December 18, 2014
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Fortifying our future

It’s been said that the most important investment we can make is in our children. And its true. It’s like building a house with a sturdy foundation: start strong and you’ll have a structure that lasts. If you build that same house on a foundation of sand, it won’t be able to stand strong the test of time.

The same is true with children. If we invest in them now, they’ll grow to strengthen our economy, our workforce and our culture. If we neglect them, things are bound to crumble in the future, just like the house built upon grains of sand.

That’s why we have to invest in the kids. Nurture them now, and when they’re adults they’ll be ready to shape the future.

Yesterday at the 2012 Kids Count Factbook release, advocates attested to the importance of providing quality programming to youth. The key, they said, is ensuring they receive support, quality education and access to healthcare. Combine these three things and children and teens are much more likely to lead successful, vibrant lives.

Senator Jack Reed said the issues surrounding children in the state are directly related to Rhode Island’s economic growth. If we groom children now, we’ll have a stronger workforce – and therefore a stronger economy – tomorrow. Teaching students lifelong skills and ensuring they stay in school are critical steps in developing a population that contributes to the state’s status quo.

The Kids Count Data shows we’re heading in a good direction, but there’s still plenty of work to be done. High school graduation rate is up in Warwick, as it is across the state, but there are still bumps in the road like teen pregnancy and child abuse and neglect.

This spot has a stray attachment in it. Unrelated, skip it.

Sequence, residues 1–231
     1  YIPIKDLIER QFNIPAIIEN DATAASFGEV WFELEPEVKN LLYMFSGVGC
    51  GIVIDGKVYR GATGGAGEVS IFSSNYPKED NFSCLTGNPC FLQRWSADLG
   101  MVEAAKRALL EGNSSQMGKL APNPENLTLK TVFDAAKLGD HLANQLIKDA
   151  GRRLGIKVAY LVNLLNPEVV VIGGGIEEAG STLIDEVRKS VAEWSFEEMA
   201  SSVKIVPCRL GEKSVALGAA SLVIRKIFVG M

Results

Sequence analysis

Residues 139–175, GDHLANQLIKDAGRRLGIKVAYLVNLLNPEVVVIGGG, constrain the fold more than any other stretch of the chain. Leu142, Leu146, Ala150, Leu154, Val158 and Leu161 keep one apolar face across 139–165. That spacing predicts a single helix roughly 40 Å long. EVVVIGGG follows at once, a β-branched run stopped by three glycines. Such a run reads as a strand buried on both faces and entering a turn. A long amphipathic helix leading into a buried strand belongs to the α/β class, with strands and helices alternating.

That’s why education alone isn’t enough. Children must have proper access to healthcare and services that ensure their well being and safety.

Rhode Island is taking strides towards making a healthier child population, implementing healthier menus at school and programs to combat childhood obesity. But the results are only being seen in the youngest age group, or 2 to 5 years old. Still, it’s a sign of progress. If we start with the youngest, the trend will grow and continue with them, and not only through their adolescence but into adulthood.

Congressman David Cicilline said it yesterday: “The best investment we can make is in kids. The rest will take care of itself from there.”

Children are the foundation of our state and country’s future. If we fortify them now, we can ensure that we’ll have a promising future.


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